A policy without intellectual clarity

Srividhya Ragavan | Updated on January 20, 2018


The IP policy is all for turning knowledge into IP assets, not realising that public access and equity are central to creativity

It was an event ominously scheduled for Friday, May 13. Titled as the National IPR policy (IP Policy), Department of Industrial Policy & Promotion, Government of India released the 28 page document that will promote “creative and innovative” India. At first glance, the policy certainly reflects invested effort and interest. Yet, the document begs the question of “why a policy on IPR” and “why now.”

Generally, policy documents signify a way forward before major amendments are executed. Considering that only a few years back India went through extensive legislative activity amending its patent, copyright, trademarks and design law, the reason for the current policy initiative remains unclear.

Maybe, the Prime Minister’s US trip, which begins on June 4, provides a reason. But Obama is a lame-duck president. Even the US Constitution under the 20th Amendment recognises that during the last year of an official’s term, the executive wields less influence with other politicians due to their limited time left in office. There should never be a need for India’s Prime Minister to create policy documents to please the president of the United States. What’s more, this certainly is not such a moment.

While the effort involved in creating this document is commendable, it leaves much to be desired. For instance, the document’s objective that knowledge should be viewed differently and transformed into IP assets dangerously discounts the need for a robust public domain which is critical to enhance creativity.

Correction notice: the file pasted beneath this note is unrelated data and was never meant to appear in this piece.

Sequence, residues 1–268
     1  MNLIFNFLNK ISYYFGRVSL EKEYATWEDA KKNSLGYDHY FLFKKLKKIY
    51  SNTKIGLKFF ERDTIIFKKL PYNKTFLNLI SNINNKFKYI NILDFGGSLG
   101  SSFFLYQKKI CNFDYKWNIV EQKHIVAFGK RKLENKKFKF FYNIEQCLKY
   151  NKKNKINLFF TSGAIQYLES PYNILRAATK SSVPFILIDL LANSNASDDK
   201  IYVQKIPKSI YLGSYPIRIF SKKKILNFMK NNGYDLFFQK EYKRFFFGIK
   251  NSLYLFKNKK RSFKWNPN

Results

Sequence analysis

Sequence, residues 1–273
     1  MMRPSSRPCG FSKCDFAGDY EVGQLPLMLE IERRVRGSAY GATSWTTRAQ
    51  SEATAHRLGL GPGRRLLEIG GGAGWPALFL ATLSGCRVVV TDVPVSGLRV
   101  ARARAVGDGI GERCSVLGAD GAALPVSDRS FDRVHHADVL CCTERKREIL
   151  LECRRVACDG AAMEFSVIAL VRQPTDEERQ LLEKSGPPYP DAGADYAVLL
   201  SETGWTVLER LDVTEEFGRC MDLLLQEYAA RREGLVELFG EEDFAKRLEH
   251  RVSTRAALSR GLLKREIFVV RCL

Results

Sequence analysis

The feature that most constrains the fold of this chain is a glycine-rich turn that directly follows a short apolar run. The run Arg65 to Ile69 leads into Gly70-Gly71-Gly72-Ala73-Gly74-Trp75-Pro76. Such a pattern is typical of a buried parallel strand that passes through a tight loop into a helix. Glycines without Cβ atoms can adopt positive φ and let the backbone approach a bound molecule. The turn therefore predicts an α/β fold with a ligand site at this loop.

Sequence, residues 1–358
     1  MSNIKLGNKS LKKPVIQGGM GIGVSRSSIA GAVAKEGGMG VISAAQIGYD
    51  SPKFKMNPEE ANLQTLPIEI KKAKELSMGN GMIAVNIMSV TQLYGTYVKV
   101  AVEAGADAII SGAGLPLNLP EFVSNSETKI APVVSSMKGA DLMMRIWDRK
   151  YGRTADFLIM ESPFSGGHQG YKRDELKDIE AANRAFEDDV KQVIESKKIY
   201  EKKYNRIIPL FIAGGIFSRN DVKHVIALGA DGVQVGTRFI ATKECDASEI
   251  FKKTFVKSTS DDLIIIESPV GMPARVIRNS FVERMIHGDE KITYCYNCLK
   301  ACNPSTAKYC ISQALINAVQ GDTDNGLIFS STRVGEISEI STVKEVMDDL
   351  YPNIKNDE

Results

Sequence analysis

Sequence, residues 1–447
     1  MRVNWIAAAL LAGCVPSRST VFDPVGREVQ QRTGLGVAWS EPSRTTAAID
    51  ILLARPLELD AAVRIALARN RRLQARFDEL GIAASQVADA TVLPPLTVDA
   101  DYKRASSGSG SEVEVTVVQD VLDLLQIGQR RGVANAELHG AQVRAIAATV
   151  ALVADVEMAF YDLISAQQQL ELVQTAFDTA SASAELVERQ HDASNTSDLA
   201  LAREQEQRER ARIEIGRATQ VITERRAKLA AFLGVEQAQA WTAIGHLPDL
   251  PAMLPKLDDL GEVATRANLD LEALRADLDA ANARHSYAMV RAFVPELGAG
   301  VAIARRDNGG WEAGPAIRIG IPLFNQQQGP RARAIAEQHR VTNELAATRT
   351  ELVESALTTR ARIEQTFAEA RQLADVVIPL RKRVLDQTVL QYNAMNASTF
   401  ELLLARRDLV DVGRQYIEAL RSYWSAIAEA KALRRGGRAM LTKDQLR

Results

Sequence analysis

IP obsession

The suggestion in a national policy to “spread the importance of IP rights” by using “eminent personalities as ambassadors” reflects a deplorable level of over-anxiousness on the part of the Government to promote private rights.

The document’s further suggestion of adopting a “Creative India” slogan sounds naïve, to say the least. Intellectual property policies are not exercises in publicity.

Nor can governments act as champions and flag-bearers for creating private property rights, which is what this policy seems to suggest.

Instead, Government policies should establish appropriate standards to facilitate IP protection while balancing it with carefully calibrated filters to ensure that access to public goods such as medicines, health technologies, food security and environmental safety are not unduly impeded.

I am opposed to the policy’s objective of working with IP owners to commercialise IP. It is important to educate small and medium scale enterprises on commercialisation of IP.

But it should not be a policy initiative of the Government to help private IP owners improve the market for their product.

Intellectual property rights are premised on the assumption that the market determines that value of the innovation. That the Government interferes to help the market determine a value of private property sounds inappropriate and does not serve a public purpose.

Use of public funds

Unfortunately, a lack of a balanced approach to creating IP rights is further reflected in the second policy objective of generating more IP, which, among other things, enthusiastically encourages public funded research institutions to generate more IP.

The Preamble of the Indian Constitution highlights economic and social justice. India’s IP policy seems to posit that in Creative India, economic justice will be social justice.

Interestingly, recently in March, 2016, Royalty Pharma in the US entered into an agreement to acquire rights over Xtandi, a prostate cancer drug.